Tuesday, June 16, 2009

NHS: Stop Worshipping, Start Talking

Barack Obama on the US Healthcare System:
"A big part of what led General Motors and Chrysler into trouble were the huge costs they racked up providing healthcare for their workers - costs that made them less profitable and less competitive with automakers around the world."

"If we do not fix our health care system, America may go the way of GM - paying more, getting less, and going broke"
Whilst I'm not sure about Obama's solutions to America's healthcare problems, it is refreshing to see someone speaking so openly about the problems facing a country's healthcare system.If nothing else, then Obama has started a debate about healthcare in his country. Put simply, we don't get the same level of honesty from the leading politicians in the UK.

The Tories seemed to have discovered that they can talk about spending cuts again, but they are doing so in such a tentative way that it is pretty much meaningless. And no-one of any power in any of the main parties seems to have that massive drain on public funds that is the NHS in their sights. 

There should be nothing wrong with talking about fundamental to reform to all aspects of the NHS, including funding. Billions are spent on an institution that, whilst being free at the point of service, delivers a horrifically poor - and sometimes lethal - service to the taxpayer it is such a drain on. Dirty hospitals, computer systems that don't work, life-saving drugs being denied to patients - these are the signs of a bureaucratic monster that is out of control and in desperate need of reform. Hell, I believe that we would almost be better razing the NHS to the ground (metaphorically, people - I'm not talking about burning hospitals here) and starting again with a system that wasn't designed by socialists over half a century ago.

Yet the Tories, Labour and the Lib Dems all treat the NHS with a reverence that one normally only sees with Catholics when they are talking about the Pope. The great triumph of socialism in this country - and all those who favour a state led system over anything else - is the seemingly permanent removal of the NHS from the realms of political and public debate. Anyone talking about reform to this supposed public service is shunned like a paedophile with leprosy; thus denying us discussions about one of the most expensive and important of government run institutions.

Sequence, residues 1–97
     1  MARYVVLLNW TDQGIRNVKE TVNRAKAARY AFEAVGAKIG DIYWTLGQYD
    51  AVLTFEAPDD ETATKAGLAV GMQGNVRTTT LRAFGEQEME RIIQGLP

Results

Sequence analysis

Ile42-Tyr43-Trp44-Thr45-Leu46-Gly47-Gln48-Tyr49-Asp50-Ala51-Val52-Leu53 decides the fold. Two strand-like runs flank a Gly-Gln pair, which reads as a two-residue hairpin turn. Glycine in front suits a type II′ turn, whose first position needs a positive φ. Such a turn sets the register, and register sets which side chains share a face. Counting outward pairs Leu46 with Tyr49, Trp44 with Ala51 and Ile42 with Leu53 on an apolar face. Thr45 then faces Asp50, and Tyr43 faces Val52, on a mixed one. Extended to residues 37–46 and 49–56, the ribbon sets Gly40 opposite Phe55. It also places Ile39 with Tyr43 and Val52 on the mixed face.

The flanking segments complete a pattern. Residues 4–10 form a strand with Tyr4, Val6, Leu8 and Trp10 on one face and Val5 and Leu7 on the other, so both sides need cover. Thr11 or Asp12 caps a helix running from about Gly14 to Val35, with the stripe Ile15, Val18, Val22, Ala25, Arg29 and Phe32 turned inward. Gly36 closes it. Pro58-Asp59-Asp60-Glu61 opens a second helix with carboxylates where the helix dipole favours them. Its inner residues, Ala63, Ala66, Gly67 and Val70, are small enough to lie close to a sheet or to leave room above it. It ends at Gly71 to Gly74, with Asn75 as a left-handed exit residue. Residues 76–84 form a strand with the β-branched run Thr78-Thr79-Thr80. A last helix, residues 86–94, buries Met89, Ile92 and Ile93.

You can throw money at the NHS to no avail. You can parachute managers and computer systems into it, and get nothing in return. This isn't criticising doctors and nurses who work within in the system (and are often amongst the most despairing of it), but increasingly, giving the NHS funding is throwing good money after bad. And billions of pounds worth of money as well. 

I look forward to a day when a party genuinely tries to be radical by proposing massive reform to every aspect of the NHS - including reducing the funding. Come on, you crazy kids in Parliament - you all want to be like Barack Obama in your rhetoric and your spurious talk of change. Don't keep us waiting - you can be like him right here, right now by acknowledging that there is something wrong with the NHS that only a radical change can solve. 

But as with anything that requires an iota of courage from our politicians, I wouldn't be holding by breath whilst I wait...

Labels: , , ,


At 1:10 pm , Anonymous Richard Wellings said...

If there is a positive aspect to the dire state of the public finances, it is that it may force the politicians to deal at last with the bloated and inefficient NHS. Health is such a large element of government spending that cuts will almost certainly be necessary to help balance the books. This will happen just as the baby boomers are hitting old age, creating immense pressure on the current system. Radical reform, towards a market-based system, may be the only way to avoid a significant fall in the quality of treatment.


Post a Comment

Subscribe to Post Comments [Atom]

<< Home